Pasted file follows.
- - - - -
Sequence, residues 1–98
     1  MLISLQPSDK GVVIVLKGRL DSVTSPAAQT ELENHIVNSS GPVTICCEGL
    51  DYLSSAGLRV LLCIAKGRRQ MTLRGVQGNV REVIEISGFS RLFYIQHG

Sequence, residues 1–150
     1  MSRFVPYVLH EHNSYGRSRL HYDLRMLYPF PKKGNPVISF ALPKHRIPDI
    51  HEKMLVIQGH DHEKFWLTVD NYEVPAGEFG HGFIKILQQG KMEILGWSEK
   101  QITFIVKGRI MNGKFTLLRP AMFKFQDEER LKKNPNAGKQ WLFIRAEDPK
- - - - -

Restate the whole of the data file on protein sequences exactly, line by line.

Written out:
Sequence, residues 1–98
     1  MLISLQPSDK GVVIVLKGRL DSVTSPAAQT ELENHIVNSS GPVTICCEGL
    51  DYLSSAGLRV LLCIAKGRRQ MTLRGVQGNV REVIEISGFS RLFYIQHG

Sequence, residues 1–150
     1  MSRFVPYVLH EHNSYGRSRL HYDLRMLYPF PKKGNPVISF ALPKHRIPDI
    51  HEKMLVIQGH DHEKFWLTVD NYEVPAGEFG HGFIKILQQG KMEILGWSEK
   101  QITFIVKGRI MNGKFTLLRP AMFKFQDEER LKKNPNAGKQ WLFIRAEDPK